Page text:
The Seattle Times has a big piece today featuring some comments from our very own Big Media Ben.  The accompanying graphic is truly a work of art, that really strips out all the misleading aggregate numbers and breaks down what goes where.

If I have to quibble, I’d like to have seen some sort of reference to sub-area equity, because I think the misperception that each sub-area’s money is going to fund somebody else is both common and cynically exploited by anti-transit opponents.  After all, the individual sub-area revenues and budgets are broken out here (Page A-5).  As an undecided Pierce County voter, for instance, I’d probably be interested in exactly what the project did for me and my neighbors, and making sure it wasn’t a scam causing me to fund a bunch of hippies on Capitol Hill.

All in all, however, bravo.

8 Replies to “Seattle Times and Prop 1”

    1. I know the polls are not scientific but so far Yes on Prop 1 is leading significantly (64% Yes vs 30% No vs 5% Undecided) for 857 votes. Same with today’s article and poll on I-985 with 67% against and 29% for after 319 votes.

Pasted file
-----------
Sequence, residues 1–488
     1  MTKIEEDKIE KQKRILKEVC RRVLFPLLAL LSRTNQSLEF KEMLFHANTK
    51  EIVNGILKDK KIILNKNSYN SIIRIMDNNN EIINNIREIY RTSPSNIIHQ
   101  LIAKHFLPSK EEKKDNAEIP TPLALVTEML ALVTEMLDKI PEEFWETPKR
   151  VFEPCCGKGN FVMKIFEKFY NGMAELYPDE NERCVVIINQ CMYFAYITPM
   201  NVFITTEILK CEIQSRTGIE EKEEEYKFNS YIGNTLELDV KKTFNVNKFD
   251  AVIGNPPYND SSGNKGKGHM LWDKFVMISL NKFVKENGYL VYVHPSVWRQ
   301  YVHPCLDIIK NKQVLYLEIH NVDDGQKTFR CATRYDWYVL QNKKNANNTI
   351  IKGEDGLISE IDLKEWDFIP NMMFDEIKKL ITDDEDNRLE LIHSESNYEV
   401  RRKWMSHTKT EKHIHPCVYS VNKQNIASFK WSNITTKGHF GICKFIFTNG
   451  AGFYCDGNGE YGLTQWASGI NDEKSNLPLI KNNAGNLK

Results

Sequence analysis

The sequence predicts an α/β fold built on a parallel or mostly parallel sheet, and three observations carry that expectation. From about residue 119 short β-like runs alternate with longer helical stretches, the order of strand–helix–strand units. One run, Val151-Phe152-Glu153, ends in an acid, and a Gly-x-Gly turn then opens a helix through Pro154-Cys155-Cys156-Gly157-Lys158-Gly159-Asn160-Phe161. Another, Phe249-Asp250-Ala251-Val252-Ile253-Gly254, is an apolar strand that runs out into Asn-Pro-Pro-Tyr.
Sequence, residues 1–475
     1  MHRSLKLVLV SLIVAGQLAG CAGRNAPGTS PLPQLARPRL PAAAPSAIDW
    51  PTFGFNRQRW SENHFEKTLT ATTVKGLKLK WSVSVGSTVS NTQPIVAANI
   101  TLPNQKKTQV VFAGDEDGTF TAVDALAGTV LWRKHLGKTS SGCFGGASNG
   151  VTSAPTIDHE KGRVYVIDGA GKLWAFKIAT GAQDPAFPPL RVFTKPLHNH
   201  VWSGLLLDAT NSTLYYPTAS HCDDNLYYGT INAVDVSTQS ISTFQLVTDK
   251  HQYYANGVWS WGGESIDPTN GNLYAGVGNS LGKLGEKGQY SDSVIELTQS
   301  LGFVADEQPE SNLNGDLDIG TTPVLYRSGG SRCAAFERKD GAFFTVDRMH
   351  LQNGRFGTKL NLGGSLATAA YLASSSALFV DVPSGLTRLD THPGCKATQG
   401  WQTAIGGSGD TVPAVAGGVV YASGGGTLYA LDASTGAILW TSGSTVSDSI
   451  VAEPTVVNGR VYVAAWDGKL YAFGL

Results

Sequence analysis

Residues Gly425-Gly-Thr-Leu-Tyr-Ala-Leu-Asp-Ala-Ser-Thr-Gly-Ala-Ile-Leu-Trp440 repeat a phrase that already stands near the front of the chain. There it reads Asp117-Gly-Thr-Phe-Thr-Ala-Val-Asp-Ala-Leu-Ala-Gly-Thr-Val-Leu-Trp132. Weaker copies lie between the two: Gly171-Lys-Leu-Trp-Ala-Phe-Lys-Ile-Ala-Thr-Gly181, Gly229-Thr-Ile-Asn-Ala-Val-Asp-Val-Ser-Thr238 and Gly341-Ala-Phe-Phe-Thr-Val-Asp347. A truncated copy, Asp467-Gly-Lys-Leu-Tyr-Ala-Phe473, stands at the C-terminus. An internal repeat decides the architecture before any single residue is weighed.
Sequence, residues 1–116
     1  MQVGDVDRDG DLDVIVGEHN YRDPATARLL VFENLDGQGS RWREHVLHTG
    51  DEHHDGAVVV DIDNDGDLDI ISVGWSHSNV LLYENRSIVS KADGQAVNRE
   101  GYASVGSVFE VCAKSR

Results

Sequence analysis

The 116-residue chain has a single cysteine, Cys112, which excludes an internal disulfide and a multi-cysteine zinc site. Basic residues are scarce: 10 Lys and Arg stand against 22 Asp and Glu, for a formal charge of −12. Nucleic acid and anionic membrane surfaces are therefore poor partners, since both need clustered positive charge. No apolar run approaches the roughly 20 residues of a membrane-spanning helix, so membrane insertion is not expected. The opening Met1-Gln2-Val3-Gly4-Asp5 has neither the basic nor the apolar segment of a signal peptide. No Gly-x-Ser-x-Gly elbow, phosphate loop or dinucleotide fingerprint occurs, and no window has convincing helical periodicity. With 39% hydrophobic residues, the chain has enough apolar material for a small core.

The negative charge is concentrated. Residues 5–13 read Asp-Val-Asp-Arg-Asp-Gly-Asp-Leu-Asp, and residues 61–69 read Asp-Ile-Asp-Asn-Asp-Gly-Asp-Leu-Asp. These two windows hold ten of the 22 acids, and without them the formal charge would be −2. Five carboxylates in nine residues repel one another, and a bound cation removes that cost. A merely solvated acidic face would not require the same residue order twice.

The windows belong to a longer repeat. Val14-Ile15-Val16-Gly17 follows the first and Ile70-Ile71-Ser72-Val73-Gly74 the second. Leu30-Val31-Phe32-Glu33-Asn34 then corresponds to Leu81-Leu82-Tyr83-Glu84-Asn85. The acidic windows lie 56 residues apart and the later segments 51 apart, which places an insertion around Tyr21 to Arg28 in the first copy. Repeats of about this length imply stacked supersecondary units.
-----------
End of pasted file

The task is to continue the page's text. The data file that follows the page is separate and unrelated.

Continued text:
1. The very first couple of lines were a little weird, but the article was pretty good too. Lindblom has gotten better, maybe Ben has gotten into his head.

  2. Real classy, Martin.

    I’m already getting a station, why should *I* be voting for light rail aside from being a railfan? I don’t go to Bellevue and I live within walking distance of work. What’s in it for me?

      1. Yeah, it’s my attempt to channel the undecided Pierce County voter, with a little A. Birch Steen thrown in.

        If you’re in Capitol Hill, you’ve still got plenty to worry about. A lot can happen between now and 2016, and something bad is less likely to happen if ST2 passes.

        More importantly, as I alluded to in a different post that day, it would be foolish to assume that you’re going to live and work at the same locations in 2023. ST2 makes it fairly likely that wherever in the region you live and work, you’re fairly likely to be within reasonable distance of a light rail station.

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